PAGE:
FAULTY elec­tri­cal WIRINGS

Sun.Star Davao - - NEWS -

MOST cases of fire in­ci­dents in Davao City are caused by faulty elec­tri­cal wirings.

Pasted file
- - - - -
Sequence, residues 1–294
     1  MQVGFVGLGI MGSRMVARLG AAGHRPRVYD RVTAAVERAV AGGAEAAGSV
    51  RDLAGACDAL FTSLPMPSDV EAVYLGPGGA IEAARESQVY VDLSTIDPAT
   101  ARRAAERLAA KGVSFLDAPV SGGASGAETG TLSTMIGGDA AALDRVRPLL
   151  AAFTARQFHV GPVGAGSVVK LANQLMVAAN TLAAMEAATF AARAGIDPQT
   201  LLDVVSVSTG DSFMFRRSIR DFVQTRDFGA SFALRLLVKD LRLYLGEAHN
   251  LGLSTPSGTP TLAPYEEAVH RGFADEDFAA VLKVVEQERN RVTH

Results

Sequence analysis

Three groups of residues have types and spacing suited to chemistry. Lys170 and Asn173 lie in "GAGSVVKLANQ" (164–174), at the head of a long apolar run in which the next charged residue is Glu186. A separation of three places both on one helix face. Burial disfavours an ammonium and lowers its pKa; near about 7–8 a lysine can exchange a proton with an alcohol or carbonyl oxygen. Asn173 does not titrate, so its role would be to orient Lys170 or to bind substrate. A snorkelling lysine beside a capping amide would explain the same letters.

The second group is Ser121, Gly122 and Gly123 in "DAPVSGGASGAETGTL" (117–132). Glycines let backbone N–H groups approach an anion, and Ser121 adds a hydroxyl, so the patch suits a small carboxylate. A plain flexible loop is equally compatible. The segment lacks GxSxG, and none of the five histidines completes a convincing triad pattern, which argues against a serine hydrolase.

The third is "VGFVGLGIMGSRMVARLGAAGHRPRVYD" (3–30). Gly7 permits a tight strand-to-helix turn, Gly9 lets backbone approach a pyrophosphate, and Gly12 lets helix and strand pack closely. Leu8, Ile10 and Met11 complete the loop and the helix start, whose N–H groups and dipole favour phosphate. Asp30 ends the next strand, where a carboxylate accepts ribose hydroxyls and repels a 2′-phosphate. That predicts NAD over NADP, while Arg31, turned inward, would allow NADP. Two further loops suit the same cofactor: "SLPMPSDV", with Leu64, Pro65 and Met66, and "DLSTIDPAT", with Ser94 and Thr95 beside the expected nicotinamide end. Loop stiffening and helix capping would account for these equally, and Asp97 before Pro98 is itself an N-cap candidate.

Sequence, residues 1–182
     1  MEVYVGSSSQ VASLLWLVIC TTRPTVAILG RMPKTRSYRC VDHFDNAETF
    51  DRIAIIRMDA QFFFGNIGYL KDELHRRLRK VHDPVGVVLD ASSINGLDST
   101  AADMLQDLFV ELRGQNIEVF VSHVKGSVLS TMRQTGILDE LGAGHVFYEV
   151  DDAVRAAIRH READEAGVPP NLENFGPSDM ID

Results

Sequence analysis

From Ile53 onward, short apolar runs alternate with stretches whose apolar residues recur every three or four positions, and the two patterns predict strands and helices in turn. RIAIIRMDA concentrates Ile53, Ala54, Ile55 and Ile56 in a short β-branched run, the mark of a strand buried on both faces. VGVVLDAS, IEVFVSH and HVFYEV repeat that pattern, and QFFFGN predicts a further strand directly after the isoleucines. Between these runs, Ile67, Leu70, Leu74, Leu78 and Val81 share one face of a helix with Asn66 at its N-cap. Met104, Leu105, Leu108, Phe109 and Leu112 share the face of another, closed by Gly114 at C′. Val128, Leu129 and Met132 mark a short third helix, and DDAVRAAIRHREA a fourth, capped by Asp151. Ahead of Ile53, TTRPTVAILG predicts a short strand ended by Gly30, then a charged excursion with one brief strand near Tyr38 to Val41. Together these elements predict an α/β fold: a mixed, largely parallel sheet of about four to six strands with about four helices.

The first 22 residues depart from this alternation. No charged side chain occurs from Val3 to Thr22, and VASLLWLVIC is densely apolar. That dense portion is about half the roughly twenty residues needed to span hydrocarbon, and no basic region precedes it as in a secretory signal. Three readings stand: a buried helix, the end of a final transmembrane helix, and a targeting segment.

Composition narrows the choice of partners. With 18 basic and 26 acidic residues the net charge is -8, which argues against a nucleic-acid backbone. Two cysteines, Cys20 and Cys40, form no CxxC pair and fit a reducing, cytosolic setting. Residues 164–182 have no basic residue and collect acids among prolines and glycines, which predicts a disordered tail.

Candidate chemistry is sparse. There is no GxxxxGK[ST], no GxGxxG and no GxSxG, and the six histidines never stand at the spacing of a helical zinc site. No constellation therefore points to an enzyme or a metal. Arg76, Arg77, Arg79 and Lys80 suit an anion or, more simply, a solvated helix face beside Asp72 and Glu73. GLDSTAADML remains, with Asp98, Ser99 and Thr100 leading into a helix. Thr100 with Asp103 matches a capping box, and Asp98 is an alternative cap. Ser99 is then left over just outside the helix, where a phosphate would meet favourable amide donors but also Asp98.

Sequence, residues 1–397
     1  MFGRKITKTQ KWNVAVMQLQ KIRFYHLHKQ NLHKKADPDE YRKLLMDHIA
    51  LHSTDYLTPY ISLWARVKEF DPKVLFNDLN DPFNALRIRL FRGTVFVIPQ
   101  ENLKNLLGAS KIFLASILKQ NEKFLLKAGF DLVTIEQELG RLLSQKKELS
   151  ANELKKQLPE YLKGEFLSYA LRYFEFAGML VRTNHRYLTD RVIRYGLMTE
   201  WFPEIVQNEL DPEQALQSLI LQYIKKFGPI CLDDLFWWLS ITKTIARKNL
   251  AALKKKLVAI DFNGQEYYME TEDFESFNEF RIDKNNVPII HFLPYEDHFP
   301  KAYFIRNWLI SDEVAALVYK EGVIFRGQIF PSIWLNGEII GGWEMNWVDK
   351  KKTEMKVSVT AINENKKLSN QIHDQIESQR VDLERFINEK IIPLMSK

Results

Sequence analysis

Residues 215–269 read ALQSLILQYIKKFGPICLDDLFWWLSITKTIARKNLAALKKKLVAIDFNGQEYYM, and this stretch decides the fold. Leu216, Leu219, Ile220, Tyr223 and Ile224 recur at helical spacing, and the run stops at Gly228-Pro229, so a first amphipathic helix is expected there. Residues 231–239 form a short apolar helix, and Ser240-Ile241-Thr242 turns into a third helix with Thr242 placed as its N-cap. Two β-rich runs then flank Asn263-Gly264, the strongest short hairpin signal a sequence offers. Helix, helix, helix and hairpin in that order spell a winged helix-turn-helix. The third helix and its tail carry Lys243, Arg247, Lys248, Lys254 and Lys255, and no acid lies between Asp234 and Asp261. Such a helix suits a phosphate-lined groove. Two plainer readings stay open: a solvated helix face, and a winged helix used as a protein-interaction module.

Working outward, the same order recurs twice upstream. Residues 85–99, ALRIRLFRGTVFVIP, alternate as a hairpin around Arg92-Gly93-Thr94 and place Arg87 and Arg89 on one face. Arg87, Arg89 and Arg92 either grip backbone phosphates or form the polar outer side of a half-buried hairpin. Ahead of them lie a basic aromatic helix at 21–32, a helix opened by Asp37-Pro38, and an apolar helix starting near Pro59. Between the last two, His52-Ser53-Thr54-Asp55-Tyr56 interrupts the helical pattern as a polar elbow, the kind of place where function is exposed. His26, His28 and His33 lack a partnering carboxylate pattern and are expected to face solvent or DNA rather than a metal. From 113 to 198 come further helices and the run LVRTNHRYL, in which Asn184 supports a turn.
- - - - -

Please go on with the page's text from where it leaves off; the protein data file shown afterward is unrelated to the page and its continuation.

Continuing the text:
Last Thurs­day af­ter­noon, a fire razed 50 houses at Mus­lim Vil­lage, Purok 26, Barangay 76-A, adding to the Bu­reau of Fire Pro­tec­tion’s (BFP) list of grow­ing fire in­ci­dents. The af­fected home­own­ers are tem­po­rar­ily be­ing housed at the mosque while wait­ing for gov­ern­ment as­sis­tance and re­lief goods from other or­ga­ni­za­tions who are quick to re­spond to the vic­tims. Il­le­gal con­nec­tion of elec­tric­ity is a com­mon prac­tice in densely-pop­u­lated com­mu­ni­ties. Some make it their busi­ness by charg­ing a neigh­bor higher than the charges of the elec­tric provider. Dabaweyos are for­tu­nate hav­ing a lot of fire­fight­ers from the BFP, 911 of the city gov­ern­ment of Davao whose per­son­nel are equipped with mod­ern fire­fight­ing fa­cil­i­ties, the group or­ga­nized by Chi­nese busi­ness­men and the barangay-based fire and res­cue vol­un­teers. But we often hear peo­ple com­plain that fire­fight­ers ar­rive late or when they do the fire has al­ready gut­ted down struc­tures and dam­aged prop­er­ties. Fire could wildly spread in a breeze like in the case of houses at the Mus­lim Vil­lage whose walls are mostly made of Kalakat, a very vul­ner­a­ble ma­te­rial to fire when dry. Pas­sage for fire­men was an ad­di­tional prob­lem be­cause of the ve­hi­cles parked along the road and other struc­tures thereat. These prob­lems are hap­pen­ing and re-oc­cur­ring but peo­ple do not learn lessons from the past. Au­thor­i­ties said fire preven­tion is ev­ery­body’s con­cern.

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